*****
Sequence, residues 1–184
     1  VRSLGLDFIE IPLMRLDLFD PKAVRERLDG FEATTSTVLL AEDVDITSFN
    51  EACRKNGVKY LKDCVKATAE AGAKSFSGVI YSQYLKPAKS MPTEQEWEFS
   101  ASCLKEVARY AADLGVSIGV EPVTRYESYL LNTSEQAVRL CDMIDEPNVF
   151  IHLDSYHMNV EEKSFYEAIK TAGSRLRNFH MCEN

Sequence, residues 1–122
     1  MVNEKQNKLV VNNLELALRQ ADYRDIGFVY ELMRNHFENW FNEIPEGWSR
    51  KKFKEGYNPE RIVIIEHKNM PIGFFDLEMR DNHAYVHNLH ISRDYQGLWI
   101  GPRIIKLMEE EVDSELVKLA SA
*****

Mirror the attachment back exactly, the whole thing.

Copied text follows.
Sequence, residues 1–184
     1  VRSLGLDFIE IPLMRLDLFD PKAVRERLDG FEATTSTVLL AEDVDITSFN
    51  EACRKNGVKY LKDCVKATAE AGAKSFSGVI YSQYLKPAKS MPTEQEWEFS
   101  ASCLKEVARY AADLGVSIGV EPVTRYESYL LNTSEQAVRL CDMIDEPNVF
   151  IHLDSYHMNV EEKSFYEAIK TAGSRLRNFH MCEN

Sequence, residues 1–122
     1  MVNEKQNKLV VNNLELALRQ ADYRDIGFVY ELMRNHFENW FNEIPEGWSR
    51  KKFKEGYNPE RIVIIEHKNM PIGFFDLEMR DNHAYVHNLH ISRDYQGLWI
   101  GPRIIKLMEE EVDSELVKLA SA